MapD Makes GPUs First-Class Citizens

A San Francisco-based startup has come up with a novel solution for solving the big data analytics challenge by leveraging GPUs.


It’s now well known that with the latest innovations in parallel programming and GPU technology, graphics processing units (GPUs) can be harnessed today to deal with the enormous data sets regularly encountered in applications ranging from ADAS, artificial intelligence, and gaming to deep learning, scientific computation, and high-performance computing.

But how exactly do you find what you need in a sea of data?

This is where MapD comes into the picture. Founded by CEO Todd Mostak, MapD has a database and visualization software platform to approach big data, and touts that its software enables queries of multi-billion row data sets in milliseconds via GPUs.

The SQL database, as well as the visual rendering of results runs on any of Nvidia’s off-the-shelf GPU cards. Their IP is the way in which they are using the GPUs for data analytics.

To this end, he believes a new computing paradigm is emerging. “GPUs have been popular for some time for things like HPC but they are really expanding into a lot of interesting areas: machine learning and data analytics.”

“MapD is a very fast relational database, and visual analytics system that leverages the parallel power of GPUs to get huge speed ups,” Mostak noted. “One of the issues with CPU servers is that they are essentially core-limited, but MapD can use up to 40,000 GPU cores per server, which gives a tremendous amount of parallel performance for any kind of data exploration or data discovery task so things that used to be compute bound or memory bound, now can be done interactively on these GPUs.”

The way Mostak created MapD is an interesting story in itself. He was doing graduate work on Middle Eastern Studies at Harvard, and trying to do an analysis on hundreds of millions of Tweets, basically taking the Tweets and finding what Egyptian census district they were in, and then also do analysis comparing the Tweets with different Islamist forums, and scoring the users on how politically Islamist they lean. He claims he’s always been a geek about computers, had taken programming classes but didn’t major in computer science. Halfway through his graduate degree he realized he wanted to and used his electives to take Computer Science courses — thereby discovering his true calling. That led him to MIT where he took a database course under database gurus Mike Stonebraker and Sam Madden.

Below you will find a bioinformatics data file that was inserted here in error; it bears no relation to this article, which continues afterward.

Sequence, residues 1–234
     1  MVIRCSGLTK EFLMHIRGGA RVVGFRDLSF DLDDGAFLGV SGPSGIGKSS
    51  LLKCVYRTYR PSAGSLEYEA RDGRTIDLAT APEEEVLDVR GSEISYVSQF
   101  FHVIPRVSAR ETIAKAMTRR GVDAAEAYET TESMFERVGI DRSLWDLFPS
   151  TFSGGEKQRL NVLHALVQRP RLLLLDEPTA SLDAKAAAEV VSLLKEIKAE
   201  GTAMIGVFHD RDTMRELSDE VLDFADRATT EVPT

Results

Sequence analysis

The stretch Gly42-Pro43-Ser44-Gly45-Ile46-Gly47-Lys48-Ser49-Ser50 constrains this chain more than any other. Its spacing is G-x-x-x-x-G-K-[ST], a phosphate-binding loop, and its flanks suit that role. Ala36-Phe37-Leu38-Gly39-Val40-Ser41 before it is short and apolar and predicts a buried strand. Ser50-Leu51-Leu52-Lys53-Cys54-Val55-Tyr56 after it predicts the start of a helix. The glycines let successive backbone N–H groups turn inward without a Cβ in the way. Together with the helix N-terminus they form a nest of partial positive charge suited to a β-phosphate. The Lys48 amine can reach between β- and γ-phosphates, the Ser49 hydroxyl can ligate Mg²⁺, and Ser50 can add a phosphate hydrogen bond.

It was then he realized that people in many industries are awash in a sea of data that they really don’t have visibility into. “They have plenty of storage; storage has become a commodity so it’s easy to get stuff on disk, but then what? You have terabytes or petabytes of data, and you really can’t see what’s going on. Having a tool that allows for interactive exploration of data seems pretty powerful for many companies who, if they were using CPU systems, are either CPU-bound, or memory-bound and unable to really explore this data.”